The book describes the dress as something that “stepped out of an [Jane] Austen movie,” meaning very Victorian; lots of lace, mounds of tulle and slightly overworked.
NO, IT BLOODY WELL DOES NOT MEAN THAT! Could you go learn some effing history, already? Jane Austen was NOT NOT NOT a Victorian! How many times do I have to tell you?! I may be slightly overworked at this time, but Austen’s clothes were not.
Whew. OK, calming down now. But clothes are important, my friends, really they are. Jane Austen and her beautifully warm and rational heroines wore simple, rational clothes. Victorian thought and Victorian clothes were lots more about emotion and repressions. It’s just a totally different world. Maybe we don’t think Regency clothes were simple and rational, but they did. We think a) They look good wet; and/or b) Boobs! but then so did they. No really. At least these days filmmakers can get the look of the clothes right, even if they miss on when those clothes would come off. (The pond scene . . . not so much. Sorry, everyone!)
Jane Austen said a lot about her characters through their clothes. Think of Lady Catherine, who “will not think less of you for being simply dressed. She likes to see the distinction of rank preserved.” Or think of Mrs. Elton, going on about her fancy new gown, but, oh, she has such a horror of being “fine!” (OK, maybe Bella will wear Mrs. Elton’s wedding dress. Poor girl.) We don’t think Catherine Morland and Henry Tilney are silly for talking about muslin, though maybe Henry talking about it is meant to show that Catherine and Mrs. Allen are silly. And I entirely sympathize with Catherine for thinking Henry looks so handsome in his greatcoat! But Isabella Thorpe reveals her scheming mind by plotting what she and Catherine will wear, and dear Mrs. Bennet shows her silliness when she’s crying to Mrs. Gardiner about all their troubles one minute and being cheered up by the news of “long sleeves” the next. And let’s not even get started about Miss Bingley’s rants about certain people’s muddy petticoats!
The moral of all these stories seems to be: you should look good, but not look like you thought about it much. Not like you tried too hard. And is that not the very essence of cool?
Image credit: Dolley Madison, c. 1804, by Gilbert Stuart.
Recently I’ve been pondering this quote from Northanger Abbey, which is surprising full of clothes.
It would be mortifying to the feelings of many ladies, could they be made to understand how little the heart of man is affected by what is costly or new in their attire; how little it is biased by the texture of their muslin, and how unsusceptible of peculiar tenderness towards the spotted, the sprigged, the mull, or the jackonet. Woman is fine for her own satisfaction alone. No man will admire her the more, no woman will like her the better for it. Neatness and fashion are enough for the former, and a something of shabbiness or impropriety will be most endearing to the latter.
Do women like their friends to look shabby, worse than them? Obviously, women these days fall on a broad spectrum of caring about their appearance, but I think the more a woman cares about her appearance, the more she cares about her friends’ appearances, and the more she wants them to look fashionable (whether goth, moth, preppy, etc), so as not to embarrass her. I think wanting to look better than your friends is on a different axis altogether, one more to do with self-confidence and all that. We probably need a graph or a Venn diagram to settle the question, and an Internet quiz you can take. Maybe later.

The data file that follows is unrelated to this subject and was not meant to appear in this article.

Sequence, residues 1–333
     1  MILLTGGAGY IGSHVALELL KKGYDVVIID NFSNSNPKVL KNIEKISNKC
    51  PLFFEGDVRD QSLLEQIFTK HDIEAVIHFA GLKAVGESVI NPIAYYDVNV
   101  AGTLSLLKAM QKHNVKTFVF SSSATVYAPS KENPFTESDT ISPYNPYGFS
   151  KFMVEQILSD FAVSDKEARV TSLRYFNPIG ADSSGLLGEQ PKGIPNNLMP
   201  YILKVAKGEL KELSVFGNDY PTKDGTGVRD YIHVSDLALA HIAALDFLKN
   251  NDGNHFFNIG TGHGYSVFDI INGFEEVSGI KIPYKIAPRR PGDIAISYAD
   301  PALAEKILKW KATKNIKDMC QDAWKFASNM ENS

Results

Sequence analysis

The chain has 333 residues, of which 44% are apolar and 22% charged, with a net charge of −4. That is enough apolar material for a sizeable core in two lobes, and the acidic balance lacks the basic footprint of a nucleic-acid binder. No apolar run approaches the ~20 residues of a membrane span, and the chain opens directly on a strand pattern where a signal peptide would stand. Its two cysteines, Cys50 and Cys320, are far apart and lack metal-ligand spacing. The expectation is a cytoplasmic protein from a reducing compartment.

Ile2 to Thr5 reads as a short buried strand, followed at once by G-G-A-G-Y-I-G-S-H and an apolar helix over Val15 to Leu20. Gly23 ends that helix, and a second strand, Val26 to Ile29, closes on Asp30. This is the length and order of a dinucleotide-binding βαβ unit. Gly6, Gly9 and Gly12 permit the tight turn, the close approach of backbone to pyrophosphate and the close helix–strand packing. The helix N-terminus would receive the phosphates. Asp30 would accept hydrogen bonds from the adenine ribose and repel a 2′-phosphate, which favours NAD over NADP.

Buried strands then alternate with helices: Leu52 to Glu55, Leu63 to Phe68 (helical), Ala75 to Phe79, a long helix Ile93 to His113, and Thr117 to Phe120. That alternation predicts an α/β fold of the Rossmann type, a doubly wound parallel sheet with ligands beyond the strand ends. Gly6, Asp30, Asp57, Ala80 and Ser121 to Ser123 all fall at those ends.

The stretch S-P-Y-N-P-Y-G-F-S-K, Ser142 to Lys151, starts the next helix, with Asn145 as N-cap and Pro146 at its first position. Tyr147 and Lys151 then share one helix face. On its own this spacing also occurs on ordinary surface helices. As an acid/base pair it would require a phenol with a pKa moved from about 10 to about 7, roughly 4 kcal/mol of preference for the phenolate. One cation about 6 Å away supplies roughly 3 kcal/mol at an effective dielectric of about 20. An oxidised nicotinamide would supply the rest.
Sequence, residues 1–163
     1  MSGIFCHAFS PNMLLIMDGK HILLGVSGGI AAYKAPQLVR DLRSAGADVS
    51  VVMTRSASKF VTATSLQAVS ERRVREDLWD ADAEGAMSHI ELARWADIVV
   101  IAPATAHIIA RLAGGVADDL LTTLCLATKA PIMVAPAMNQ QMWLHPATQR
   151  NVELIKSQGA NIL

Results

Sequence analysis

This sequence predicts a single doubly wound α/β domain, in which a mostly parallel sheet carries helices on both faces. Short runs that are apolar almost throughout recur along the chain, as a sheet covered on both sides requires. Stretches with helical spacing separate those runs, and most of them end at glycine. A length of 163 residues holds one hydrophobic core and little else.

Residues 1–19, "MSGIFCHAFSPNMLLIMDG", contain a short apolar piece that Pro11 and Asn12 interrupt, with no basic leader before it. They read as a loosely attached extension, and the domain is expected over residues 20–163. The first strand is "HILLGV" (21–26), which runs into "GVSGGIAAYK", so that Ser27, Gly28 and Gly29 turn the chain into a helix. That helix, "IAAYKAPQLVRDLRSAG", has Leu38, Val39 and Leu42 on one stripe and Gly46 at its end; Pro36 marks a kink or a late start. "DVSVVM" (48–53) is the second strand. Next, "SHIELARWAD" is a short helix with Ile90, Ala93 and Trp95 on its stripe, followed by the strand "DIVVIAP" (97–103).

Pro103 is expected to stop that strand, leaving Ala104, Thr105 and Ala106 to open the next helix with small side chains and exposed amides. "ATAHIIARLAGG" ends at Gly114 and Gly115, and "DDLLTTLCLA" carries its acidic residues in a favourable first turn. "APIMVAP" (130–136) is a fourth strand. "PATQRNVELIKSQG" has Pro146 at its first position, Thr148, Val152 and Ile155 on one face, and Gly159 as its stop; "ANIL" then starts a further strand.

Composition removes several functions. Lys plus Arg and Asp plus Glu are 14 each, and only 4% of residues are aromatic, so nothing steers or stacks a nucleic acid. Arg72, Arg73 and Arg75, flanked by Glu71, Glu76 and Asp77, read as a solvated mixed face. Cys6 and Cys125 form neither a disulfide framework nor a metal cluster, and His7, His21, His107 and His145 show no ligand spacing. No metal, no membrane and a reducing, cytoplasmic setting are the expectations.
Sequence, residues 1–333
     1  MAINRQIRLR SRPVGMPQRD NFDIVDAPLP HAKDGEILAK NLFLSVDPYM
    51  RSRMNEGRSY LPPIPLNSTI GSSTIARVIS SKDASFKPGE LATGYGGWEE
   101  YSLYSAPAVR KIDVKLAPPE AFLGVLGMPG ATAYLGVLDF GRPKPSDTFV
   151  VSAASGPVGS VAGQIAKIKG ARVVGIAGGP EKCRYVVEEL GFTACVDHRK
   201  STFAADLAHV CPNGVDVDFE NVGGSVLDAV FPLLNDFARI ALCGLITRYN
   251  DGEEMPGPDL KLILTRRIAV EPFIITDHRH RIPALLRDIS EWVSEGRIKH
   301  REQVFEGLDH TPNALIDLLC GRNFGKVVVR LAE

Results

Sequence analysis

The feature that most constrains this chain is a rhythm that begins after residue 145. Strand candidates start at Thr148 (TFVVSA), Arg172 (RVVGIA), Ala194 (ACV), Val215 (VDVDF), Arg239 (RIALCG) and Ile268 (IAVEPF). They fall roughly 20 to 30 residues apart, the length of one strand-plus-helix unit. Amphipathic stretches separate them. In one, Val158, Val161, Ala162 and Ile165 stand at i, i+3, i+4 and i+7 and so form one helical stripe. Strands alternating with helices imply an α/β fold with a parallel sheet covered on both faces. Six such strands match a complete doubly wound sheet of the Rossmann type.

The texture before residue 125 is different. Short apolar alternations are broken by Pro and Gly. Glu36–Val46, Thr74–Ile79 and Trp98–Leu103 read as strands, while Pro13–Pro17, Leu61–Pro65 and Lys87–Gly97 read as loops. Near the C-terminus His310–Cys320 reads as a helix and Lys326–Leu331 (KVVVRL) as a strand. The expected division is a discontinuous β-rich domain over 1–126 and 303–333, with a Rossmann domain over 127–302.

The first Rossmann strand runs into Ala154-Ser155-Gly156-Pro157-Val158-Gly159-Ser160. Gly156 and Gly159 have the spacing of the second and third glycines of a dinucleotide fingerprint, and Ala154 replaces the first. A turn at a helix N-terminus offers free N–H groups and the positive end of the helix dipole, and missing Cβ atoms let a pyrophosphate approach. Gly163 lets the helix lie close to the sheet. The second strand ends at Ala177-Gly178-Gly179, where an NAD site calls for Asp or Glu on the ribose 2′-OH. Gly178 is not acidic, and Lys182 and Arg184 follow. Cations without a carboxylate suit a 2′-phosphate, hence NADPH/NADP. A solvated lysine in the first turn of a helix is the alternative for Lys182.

Having come to that conclusion, I think Jane Austen was there ahead of me, and she was talking about a frivolous b-word like Isabella Thorpe, and not any of us. Oh no. We are nice girls, and not being as innocent as Catherine Morland, we know quite well what men want to see in our clothes. Jane Austen, for all her delicacy, is perfectly clear about it, and so is Mrs. Bennet of all people. I present to you, in fact, what Mr. Wickham was no doubt thinking when Lydia “tucked a little lace.” Note, this is NOT safe for work!
With the return of Glee to the weekly TV schedule—finally—I think we’ve all been reminded of a new truth universally acknowledged: everything would be better, Austen novels included, if everybody had at least the option of bursting into a well-chosen pop song from time to time. You know, revealing their places in the collective consciousness, choreography optional (but encouraged). Lizzy belts out a girl-power ballad—ill practiced, of course—at the height of her emotional turmoil? Knightley takes the edge off with a few bars of air guitar and a phantom drum solo? I’m telling you: Jane Austen might roll in her grave, but Jane Lynch would make a fine Lady Catherine.
Am I right?
Here are a few Austen characters and their likely anthems:
Captain Wentworth: “I’m on a Boat” – The Lonely Island
Anne Elliot: “I Will Always Love You“* – Dolly Parton
*The original version with the sad monologue in the middle, because that speech is exactly the gracious and heartbroken speech Anne would make to Wentworth—complete with poignant pauses every few words—and nobody can convince me otherwise.
Mr. Bingley: “Mr. Brightside” – The Killers
Mr. Collins: “Hell No” – Sondre Lerche & Regina Spektor
Charlotte Lucas: “The Sound of Settling” – Death Cab for Cutie
Mary Bennet: “If You Want to Sing Out, Sing Out” – Cat Stevens
Catherine Morland: “Miss Teen Wordpower” – The New Pornographers
Isabella Thorpe: “We Used to Be Friends” – The Dandy Warhols
Marianne Dashwood: “I Feel It All” – Feist
John Willoughby: “It’s Raining Men” – The Weather Girls
Readers, who are we missing?